英 [ʃæl; ʃ(ə)l]
CET4 TEM4 考 研 CET6
来自古英语 sceal,有责任，有义务，应当，来自 Proto-Germanic*skal,欠，应当，来自 PIE*skel, 欠，应当，词源同 should.
- shall: [OE] The etymological meaning of shall is ‘owe’. It goes back to a prehistoric Germanic base *skal-, *skul- which also produced German sollen ‘ought to’ and schuld ‘debt’. Its use in English as an auxiliary verb denoting future time evolved via the intermediate senses ‘ought to, must’ and ‘be to’. The notion of obligation survives in should, which originated as its past tense.
- shall (v.)
- Old English sceal, Northumbrian scule "I owe/he owes, will have to, ought to, must" (infinitive sculan, past tense sceolde), a common Germanic preterite-present verb (along with can, may, will), from Proto-Germanic *skal- (cognates: Old Saxon sculan, Old Frisian skil, Old Norse and Swedish skola, Middle Dutch sullen, Old High German solan, German sollen, Gothic skulan "to owe, be under obligation;" related via past tense form to Old English scyld "guilt," German Schuld "guilt, debt;" also Old Norse Skuld, name of one of the Norns), from PIE root *skel- (2) "to be under an obligation."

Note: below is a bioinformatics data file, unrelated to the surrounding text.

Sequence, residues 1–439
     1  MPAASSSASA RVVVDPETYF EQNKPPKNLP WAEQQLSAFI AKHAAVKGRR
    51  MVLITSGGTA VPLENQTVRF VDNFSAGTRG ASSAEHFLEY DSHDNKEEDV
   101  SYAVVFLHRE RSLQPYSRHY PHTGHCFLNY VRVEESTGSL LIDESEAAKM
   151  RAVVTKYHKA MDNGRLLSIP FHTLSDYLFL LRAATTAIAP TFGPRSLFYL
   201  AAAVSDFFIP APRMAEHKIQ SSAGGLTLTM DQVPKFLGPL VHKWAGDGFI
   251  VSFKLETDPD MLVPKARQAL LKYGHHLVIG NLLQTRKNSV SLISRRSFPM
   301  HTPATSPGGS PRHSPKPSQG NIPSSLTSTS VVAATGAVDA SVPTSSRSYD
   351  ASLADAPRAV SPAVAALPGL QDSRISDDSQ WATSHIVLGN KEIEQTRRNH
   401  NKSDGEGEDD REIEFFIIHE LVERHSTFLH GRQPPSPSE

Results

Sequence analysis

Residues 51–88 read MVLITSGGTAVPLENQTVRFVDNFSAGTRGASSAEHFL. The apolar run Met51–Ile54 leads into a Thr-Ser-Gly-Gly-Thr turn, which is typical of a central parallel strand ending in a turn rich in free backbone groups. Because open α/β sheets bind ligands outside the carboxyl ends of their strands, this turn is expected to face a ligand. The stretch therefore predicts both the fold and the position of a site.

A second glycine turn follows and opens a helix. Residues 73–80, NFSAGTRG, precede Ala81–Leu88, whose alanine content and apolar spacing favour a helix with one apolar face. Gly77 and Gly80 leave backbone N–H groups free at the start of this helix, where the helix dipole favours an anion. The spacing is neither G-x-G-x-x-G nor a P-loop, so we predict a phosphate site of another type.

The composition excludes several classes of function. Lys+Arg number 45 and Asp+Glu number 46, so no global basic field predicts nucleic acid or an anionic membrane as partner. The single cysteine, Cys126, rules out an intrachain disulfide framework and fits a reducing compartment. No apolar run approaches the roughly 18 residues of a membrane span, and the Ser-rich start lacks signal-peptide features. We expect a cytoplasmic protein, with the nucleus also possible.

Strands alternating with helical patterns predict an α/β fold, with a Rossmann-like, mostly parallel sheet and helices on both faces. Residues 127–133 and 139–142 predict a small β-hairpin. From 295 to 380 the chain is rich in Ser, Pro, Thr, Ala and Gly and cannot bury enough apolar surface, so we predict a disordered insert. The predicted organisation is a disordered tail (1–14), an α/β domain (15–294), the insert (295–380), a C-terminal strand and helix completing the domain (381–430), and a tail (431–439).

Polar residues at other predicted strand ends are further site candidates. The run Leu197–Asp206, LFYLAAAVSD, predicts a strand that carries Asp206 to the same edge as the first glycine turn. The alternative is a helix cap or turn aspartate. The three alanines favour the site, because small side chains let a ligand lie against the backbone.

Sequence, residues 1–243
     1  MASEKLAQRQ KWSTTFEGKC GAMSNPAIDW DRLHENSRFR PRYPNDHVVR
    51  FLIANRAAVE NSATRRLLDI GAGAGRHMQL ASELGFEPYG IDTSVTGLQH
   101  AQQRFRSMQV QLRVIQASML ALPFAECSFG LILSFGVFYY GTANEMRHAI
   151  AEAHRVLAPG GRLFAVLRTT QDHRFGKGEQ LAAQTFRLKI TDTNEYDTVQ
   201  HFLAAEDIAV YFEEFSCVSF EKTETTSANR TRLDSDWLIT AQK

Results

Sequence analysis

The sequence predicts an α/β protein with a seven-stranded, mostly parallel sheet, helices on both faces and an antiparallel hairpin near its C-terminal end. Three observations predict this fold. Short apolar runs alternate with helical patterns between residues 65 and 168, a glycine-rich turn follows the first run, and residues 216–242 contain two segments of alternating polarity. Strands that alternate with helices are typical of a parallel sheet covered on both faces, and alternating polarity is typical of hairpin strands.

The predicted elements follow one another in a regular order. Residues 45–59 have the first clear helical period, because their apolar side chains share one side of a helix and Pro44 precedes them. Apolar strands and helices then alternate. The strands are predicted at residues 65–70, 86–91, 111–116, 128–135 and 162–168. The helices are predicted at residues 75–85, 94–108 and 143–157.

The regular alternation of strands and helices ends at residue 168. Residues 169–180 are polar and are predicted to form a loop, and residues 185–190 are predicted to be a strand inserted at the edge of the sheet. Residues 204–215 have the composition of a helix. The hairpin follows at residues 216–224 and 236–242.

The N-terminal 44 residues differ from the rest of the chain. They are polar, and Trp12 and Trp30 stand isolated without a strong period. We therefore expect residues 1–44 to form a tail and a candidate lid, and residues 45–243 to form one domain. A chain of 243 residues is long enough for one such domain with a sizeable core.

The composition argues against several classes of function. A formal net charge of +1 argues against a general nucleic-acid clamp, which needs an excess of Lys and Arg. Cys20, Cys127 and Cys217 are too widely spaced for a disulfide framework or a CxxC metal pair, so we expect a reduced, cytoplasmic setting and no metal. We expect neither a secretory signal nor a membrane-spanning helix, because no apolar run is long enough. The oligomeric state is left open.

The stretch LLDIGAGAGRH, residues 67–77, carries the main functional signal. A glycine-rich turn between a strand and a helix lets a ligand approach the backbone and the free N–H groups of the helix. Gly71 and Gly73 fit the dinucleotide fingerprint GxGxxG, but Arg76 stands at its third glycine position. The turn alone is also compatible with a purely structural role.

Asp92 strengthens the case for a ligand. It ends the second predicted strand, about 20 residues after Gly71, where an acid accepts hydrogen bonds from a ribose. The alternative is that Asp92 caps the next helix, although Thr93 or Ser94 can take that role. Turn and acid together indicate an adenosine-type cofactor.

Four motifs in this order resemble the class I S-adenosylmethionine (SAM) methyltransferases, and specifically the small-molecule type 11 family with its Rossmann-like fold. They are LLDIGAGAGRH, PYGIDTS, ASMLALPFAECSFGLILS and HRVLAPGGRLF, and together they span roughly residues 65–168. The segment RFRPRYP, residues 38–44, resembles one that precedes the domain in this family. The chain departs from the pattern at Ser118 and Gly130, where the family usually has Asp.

Ground sense of the Germanic word probably is "I owe," hence "I ought." The sense shifted in Middle English from a notion of "obligation" to include "futurity." Its past tense form has become should (q.v.). Cognates outside Germanic are Lithuanian skeleti "to be guilty," skilti "to get into debt;" Old Prussian skallisnan "duty," skellants "guilty."
- 1. I shall have words with these stupid friends of mine!
- 2. I shall be 26 years old on Friday next.
- 3. Verily I say unto you, that one of you shall betray me.
- 4. I know I shall feel for ever in her debt.
- 5. I shall tell you a story about four little rabbits.
[ shall 造句 ]